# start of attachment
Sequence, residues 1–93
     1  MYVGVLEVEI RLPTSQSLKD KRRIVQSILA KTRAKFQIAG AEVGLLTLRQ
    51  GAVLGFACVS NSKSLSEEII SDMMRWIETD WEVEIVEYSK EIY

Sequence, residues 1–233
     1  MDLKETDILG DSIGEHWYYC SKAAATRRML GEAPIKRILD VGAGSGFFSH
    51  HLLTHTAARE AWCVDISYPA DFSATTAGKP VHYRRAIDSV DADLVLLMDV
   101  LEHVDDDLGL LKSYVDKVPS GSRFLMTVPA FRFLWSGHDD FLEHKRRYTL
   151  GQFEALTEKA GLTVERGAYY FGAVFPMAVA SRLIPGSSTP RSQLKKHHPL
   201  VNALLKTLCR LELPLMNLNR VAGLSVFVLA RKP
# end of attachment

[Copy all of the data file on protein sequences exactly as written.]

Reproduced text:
Sequence, residues 1–93
     1  MYVGVLEVEI RLPTSQSLKD KRRIVQSILA KTRAKFQIAG AEVGLLTLRQ
    51  GAVLGFACVS NSKSLSEEII SDMMRWIETD WEVEIVEYSK EIY

Sequence, residues 1–233
     1  MDLKETDILG DSIGEHWYYC SKAAATRRML GEAPIKRILD VGAGSGFFSH
    51  HLLTHTAARE AWCVDISYPA DFSATTAGKP VHYRRAIDSV DADLVLLMDV
   101  LEHVDDDLGL LKSYVDKVPS GSRFLMTVPA FRFLWSGHDD FLEHKRRYTL
   151  GQFEALTEKA GLTVERGAYY FGAVFPMAVA SRLIPGSSTP RSQLKKHHPL
   201  VNALLKTLCR LELPLMNLNR VAGLSVFVLA RKP